New Orleans, Louisiana – If Americans don’t change their ways, more than half could be obese by 2030, according to “F as in Fat,” a new report by The Robert Wood Johnson Foundation. Given that sobering probability, a number of efforts across the country are teaching better nutritional habits to children, who will be adults by 2030.
One such programme centres on a vibrant, productive schoolyard garden at the Langston Hughes Academy in New Orleans, Louisiana. It is part of a larger programme called The Edible Schoolyard, which has more than 100 chapters across the United States.
Keep readinglist of 4 items
Small children walk in a line past tidy rows of kale, bok choy, and carrots. Others sit around small picnic tables waiting for garden class to begin. Nearby is a chicken coop and herb garden. Amy Zellweger, a teacher at Langston Hughes Academy, oversees it all. She hopes what these students see and learn in their schoolyard garden will translate to healthier habits down the road. “You’re giving them information about the choices that they make,” she says. “So maybe the next time they want a snack, they reach for an apple instead of a bag of hot chips.”
Students at Langston Hughes Academy clearly enjoy their time in the garden, but that doesn’t necessarily mean they all enjoy vegetables. Inside, hundreds of second and third graders eat lunch in the cafeteria. As they wrap up, tray after tray of broccoli and mixed vegetables get thrown out. Teacher Patricia Yarls says that is partially because many of the students are just not accustomed to seeing vegetables on their plate.
Obesity on rapid rise in the US
“They don’t eat them at home because their parents, you know, because of our culture here in New Orleans, we have so many other things that we can eat, like fried food. So they’re just not introduced to those vegetables. But here, because we have the garden, they get to see greens and other fruits and vegetables growing in the garden. So we try and encourage them to eat some of those vegetables.”
The fact that kids don’t always want to eat their school cafeteria vegetables is, of course, not a new phenomenon. In 2010, US President Barack Obama signed the Healthy, Hunger-Free Kid Act into law, to try to encourage healthier options. This piece of legislation gives money to schools that agree to a set of nutritional standards like school meals that cap calories and starches, and that include more whole-wheat products as well as fruits and vegetables.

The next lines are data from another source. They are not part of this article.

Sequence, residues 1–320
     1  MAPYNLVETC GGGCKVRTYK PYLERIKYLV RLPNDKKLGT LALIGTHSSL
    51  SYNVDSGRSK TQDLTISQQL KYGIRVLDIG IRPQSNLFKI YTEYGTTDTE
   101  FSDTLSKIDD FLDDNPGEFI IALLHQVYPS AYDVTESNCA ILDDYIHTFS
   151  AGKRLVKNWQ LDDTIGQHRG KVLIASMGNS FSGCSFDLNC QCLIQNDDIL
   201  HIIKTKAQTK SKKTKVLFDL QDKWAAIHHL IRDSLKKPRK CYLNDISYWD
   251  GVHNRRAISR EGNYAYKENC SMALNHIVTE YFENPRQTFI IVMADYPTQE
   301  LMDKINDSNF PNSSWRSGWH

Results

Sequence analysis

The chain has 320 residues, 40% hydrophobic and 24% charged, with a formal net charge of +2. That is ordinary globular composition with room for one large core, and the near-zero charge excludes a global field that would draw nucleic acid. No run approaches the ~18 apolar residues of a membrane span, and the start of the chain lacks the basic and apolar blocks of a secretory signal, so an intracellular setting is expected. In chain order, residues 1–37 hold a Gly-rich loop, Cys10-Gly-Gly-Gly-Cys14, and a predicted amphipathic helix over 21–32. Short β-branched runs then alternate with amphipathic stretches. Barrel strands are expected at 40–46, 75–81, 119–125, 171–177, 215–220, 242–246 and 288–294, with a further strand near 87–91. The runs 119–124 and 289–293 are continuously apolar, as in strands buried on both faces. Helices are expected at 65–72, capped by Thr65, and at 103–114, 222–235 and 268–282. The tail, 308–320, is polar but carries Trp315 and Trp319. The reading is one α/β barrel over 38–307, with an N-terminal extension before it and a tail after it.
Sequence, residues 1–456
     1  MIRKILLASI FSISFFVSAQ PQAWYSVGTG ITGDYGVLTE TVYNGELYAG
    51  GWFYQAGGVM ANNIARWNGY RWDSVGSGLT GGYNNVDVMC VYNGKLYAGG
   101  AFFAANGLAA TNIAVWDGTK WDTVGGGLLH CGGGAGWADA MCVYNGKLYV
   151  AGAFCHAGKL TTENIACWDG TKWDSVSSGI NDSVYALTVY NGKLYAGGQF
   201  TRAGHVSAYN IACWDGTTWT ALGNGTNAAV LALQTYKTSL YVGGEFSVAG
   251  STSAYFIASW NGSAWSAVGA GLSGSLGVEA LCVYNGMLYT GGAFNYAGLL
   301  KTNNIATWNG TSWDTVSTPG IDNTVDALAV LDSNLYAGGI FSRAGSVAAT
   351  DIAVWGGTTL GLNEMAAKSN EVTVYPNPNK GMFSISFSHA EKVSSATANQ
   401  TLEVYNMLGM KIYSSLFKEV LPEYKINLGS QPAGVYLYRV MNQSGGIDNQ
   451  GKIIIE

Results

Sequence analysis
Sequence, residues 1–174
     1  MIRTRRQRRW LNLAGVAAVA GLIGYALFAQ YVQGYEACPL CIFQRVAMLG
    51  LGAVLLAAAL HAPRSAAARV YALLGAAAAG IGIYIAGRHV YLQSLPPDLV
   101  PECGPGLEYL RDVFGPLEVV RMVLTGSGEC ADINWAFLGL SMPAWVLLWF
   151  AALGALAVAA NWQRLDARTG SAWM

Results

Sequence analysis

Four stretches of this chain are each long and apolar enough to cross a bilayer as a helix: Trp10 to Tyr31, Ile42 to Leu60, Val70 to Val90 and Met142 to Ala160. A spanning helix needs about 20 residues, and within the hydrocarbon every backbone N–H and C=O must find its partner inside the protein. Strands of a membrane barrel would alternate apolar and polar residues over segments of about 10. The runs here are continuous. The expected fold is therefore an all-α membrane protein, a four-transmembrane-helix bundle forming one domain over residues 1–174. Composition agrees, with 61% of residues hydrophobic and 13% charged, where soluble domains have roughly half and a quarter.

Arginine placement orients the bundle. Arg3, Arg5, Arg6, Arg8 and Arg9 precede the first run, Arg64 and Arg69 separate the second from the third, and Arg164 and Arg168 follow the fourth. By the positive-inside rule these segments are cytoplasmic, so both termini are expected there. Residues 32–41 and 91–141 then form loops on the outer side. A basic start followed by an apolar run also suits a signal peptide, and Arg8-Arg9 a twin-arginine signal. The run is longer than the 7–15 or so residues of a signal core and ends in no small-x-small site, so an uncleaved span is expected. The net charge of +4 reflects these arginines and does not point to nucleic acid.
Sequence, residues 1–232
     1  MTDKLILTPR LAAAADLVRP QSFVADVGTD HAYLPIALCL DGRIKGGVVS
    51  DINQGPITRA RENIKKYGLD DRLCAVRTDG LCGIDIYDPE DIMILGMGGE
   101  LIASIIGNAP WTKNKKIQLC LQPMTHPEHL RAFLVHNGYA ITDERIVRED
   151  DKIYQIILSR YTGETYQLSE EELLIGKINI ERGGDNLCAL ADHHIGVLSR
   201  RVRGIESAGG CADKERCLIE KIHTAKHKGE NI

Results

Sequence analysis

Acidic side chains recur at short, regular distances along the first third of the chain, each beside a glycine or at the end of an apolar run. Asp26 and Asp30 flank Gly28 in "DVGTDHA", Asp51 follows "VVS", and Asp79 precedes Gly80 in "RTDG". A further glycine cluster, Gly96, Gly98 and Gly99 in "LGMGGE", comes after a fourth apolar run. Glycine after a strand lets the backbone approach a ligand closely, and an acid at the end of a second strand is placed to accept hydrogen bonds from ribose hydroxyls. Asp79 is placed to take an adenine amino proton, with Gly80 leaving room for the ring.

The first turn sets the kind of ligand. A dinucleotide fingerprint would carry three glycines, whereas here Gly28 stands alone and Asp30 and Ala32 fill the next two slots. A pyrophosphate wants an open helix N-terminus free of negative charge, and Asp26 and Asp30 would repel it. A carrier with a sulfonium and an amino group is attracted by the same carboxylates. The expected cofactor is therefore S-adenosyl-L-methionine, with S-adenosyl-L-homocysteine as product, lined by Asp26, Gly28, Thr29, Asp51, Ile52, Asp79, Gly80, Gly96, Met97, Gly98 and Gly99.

But just last month, the United States Department of Agriculture, which administers the programme, was forced to loosen some of these requirements after complaints by parents and students that lunches had become too small and did not provide enough sustenance.
Ed Bruske, a DC-based food policy blogger, says these government regulations are all wrong. “You can’t get kids to eat healthy,” he says.
“If there is spinach lasagna on the menu, parents think ‘wow, that’s great, kids are eating spinach lasagna’. It sounds so good on the menu. But they’re really just picking through the lasagna and throwing out the spinach,” Bruske explains. “It makes no sense. It is a horrible waste.”
“I really hope that it becomes normal to go to a food stand, produce stand or store and buy fresh food.“
– Rashida Ferdinand, community activist and gardener
Bruske has spent time in school kitchens and cafeterias from Washington, DC to California and even as far as Sweden. His conclusion: you just need to get rid of the unhealthy options.
“The whole idea of setting national standards and having Congress involved is just a waste of time. Our approach to school food is wrong. It’s all based on federal subsidies and the government dictating, thou shalt serve this. Whether kids will eat it or whether it is cooked, well – that’s a different thing. Let kids pick from healthy food bars. They’ll come out okay.”
According to the Centers for Disease Control, or CDC, Louisiana is the second-fattest state in the country, with 33 percent of adults obese, as well as 13 percent of children under the age of five. The issue here is pressing.
Rashida Ferdinand is a community activist and gardener in New Orleans who works with teenagers in her neighbourhood.
“I really hope that it becomes normal to go to a food stand, produce stand or store and buy fresh food and that we enjoy the taste of fresh food and we enjoy those options,” says Ferdinand. “And I hope that the young people we’re working with – they’re 16 years old right now and they’ll be 26 in ten years – so I hope this becomes a way of life.”